First, it is far from clear how nationalism is supposed to produce the individual behavior necessary for economic growth. Weber’s theory of the Protestant ethic postulates a functional relationship between frugality (self-denial) and capital accumulation (though it was Keynes who famously remarked that “mere abstinence is not enough by itself to build cities or drain fens.”4 ) Why should nationalism make people more systematically frugal or, for that matter, enterprising—as opposed to more systematically warlike? Greenfeld herself admits it does not have to. Military conscription is as much a product of nationalism as is universal suffrage.

Secondly, the Protestant ethic, being transnational, at least explains why growth happened in some countries, whereas nationalism doesn’t. Greenfeld treats the emergence of nationalism in one country after another as “an unconnected series of historical accidents.” It is therefore incapable of explaining economic growth in any country but that in which the nationalism occurs. Apart from the vague musings I have mentioned on “reactive nationalism” (itself not original) no plausible mechanism is offered by which growth is transmitted from one “nation” to another.

Thirdly, nationalism hardly explains the origins of British capitalism. As a political doctrine, it dates from the French Revolution; but England had developed the core institutions of a capitalist market economy long before this. To save her argument, Greenfeld has to say that nationalism was “the preponderant vision” of British society by 1600. But this is nonsense, since, far from being egalitarian and democratic, England in 1600 was a hierarchical society, ruled by a hereditary monarch who held down the non-English parts of his dominion by force. What is true is that by 1600, the English had developed a strong sense of national identity (not nationalism). This was embodied in the “patriotic” Tudor monarchy, and underpinned by the sense of being a Protestant nation locked into semipermanent war with the Catholic powers of Spain and (later) France.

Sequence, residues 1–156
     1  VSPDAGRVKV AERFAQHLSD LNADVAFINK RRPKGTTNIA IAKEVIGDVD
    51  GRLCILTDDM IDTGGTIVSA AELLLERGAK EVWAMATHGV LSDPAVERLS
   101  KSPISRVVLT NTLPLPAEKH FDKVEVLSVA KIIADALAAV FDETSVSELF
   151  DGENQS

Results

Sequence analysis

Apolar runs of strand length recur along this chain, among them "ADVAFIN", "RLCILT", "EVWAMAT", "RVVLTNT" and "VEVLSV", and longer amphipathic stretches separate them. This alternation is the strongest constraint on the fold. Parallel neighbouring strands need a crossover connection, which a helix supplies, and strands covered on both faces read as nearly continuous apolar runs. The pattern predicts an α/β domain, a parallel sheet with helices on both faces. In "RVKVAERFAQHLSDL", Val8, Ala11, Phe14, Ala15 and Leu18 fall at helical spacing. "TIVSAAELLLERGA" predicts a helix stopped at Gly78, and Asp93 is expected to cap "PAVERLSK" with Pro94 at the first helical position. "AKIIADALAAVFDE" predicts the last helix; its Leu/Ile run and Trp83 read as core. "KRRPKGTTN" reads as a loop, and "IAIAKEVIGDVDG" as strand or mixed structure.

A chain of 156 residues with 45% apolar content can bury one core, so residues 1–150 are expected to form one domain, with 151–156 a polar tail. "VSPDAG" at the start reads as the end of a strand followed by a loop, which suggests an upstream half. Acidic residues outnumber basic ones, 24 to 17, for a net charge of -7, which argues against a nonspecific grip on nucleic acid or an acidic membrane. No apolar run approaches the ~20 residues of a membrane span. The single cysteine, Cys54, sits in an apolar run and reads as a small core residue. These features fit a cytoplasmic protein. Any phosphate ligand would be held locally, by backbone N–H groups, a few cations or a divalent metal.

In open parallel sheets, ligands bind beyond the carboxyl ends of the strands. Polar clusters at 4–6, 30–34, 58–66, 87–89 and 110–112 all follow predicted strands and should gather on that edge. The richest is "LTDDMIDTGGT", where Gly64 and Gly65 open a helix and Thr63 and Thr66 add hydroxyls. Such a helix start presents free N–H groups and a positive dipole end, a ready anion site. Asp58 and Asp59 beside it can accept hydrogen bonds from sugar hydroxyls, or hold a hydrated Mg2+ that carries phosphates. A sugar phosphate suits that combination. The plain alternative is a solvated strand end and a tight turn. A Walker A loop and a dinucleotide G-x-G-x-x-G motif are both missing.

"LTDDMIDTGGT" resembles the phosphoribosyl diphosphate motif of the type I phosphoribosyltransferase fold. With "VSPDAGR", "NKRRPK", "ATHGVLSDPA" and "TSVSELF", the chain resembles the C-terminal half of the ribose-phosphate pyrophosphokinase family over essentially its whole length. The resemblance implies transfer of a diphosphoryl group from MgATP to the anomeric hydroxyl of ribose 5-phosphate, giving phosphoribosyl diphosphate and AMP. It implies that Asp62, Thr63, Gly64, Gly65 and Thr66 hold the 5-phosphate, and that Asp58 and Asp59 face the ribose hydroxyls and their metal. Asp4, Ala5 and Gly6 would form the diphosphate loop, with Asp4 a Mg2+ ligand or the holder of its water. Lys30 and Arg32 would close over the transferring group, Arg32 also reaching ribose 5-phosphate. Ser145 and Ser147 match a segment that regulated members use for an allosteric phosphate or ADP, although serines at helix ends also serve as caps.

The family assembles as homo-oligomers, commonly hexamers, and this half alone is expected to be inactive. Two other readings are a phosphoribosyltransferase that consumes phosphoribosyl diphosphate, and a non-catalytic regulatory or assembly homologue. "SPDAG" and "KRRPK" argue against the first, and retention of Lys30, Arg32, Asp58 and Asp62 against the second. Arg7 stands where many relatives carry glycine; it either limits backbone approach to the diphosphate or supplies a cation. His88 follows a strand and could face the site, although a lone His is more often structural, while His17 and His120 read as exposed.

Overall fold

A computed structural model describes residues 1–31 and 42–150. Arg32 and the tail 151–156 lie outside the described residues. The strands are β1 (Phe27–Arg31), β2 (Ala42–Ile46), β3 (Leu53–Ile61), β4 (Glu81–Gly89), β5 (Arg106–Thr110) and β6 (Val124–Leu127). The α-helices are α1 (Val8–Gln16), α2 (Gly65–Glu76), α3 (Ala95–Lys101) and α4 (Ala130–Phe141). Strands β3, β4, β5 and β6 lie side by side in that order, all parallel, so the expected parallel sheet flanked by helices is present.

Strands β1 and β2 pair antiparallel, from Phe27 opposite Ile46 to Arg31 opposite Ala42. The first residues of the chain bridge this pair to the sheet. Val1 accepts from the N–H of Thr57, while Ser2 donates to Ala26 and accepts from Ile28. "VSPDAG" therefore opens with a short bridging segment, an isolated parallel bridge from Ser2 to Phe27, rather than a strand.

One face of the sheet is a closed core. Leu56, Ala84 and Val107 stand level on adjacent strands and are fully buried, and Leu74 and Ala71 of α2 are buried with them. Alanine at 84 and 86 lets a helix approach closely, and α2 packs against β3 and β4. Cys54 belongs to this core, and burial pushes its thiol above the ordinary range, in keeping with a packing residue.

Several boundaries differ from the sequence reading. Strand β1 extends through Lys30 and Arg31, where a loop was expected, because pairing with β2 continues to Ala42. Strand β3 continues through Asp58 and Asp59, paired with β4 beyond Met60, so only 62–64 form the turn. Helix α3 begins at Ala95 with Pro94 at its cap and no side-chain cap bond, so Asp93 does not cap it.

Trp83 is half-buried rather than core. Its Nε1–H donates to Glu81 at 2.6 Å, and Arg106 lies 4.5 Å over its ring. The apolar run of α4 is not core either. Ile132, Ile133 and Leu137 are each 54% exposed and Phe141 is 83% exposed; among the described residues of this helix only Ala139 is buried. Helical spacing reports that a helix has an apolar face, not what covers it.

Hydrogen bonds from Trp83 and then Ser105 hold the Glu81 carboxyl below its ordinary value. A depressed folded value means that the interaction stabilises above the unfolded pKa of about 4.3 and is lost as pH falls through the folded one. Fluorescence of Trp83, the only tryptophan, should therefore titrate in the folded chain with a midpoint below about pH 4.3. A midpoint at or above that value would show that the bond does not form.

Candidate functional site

Greenfeld is right to see a link between national feeling and economic growth, but the connection has to be made in a historical context, and this she fails to provide. Historically minded sociologists have located the political foundations of capitalism in the failure of Europe to develop a single center of power after the collapse of the Roman Empire.5 From the ruins of the Roman imperium emerged feudalism, a fragmented, overlapping system of jurisdictions and states held together by Christianity; parts of that system had by the early sixteenth century coalesced into intensely competitive national monarchies. Feudalism checked arbitrary rule, leaving space for the growth of free cities, pan-European markets, and private property rights; military competition between states stimulated national feeling and turned the attention of rulers to augmenting the stock of national wealth, because of the close connection between wealth and power. Thus national identity and the growth-minded “spirit of capitalism” can be seen as joint products of European rivalry among states. In economic jargon, nationalism is a dependent, not an independent, variable. It is connected to growth through the competition of states. Even so, we are left with no explanation of why some nationalistic states, like Russia, failed to develop the “spirit of capitalism.” Weber’s Protestant ethic hypothesis remains superior for explaining why the growth experience of parts of Europe diverged from elsewhere.

  1. 1

    Douglass C. North and Robert Paul Thomas, The Rise of the Western World: A New Economic History (Cambridge University Press, 1973), p. 2.

  2. 2

    John A. Hall, Powers and Liberties: The Causes and Consequences of the Rise of the West (Penguin, 1985), p. 141.

  3. 3

    John Stuart Mill, Principles of Political Economy, Book 1, Chapter 13 (London, 1871), pp. 236–237.

  4. 4

    John Maynard Keynes, A Treatise on Money, Vol. 2 (Macmillan, 1930). Reprinted in The Collected Writings of John Maynard Keynes, Vol. 6 (Royal Economic Society, 1971), p. 132.

  5. 5

    See for example Jean Baechler, The Origins of Capitalism, translated by Barry Cooper (St. Martins, 1976), and Hall, Powers and Liberties.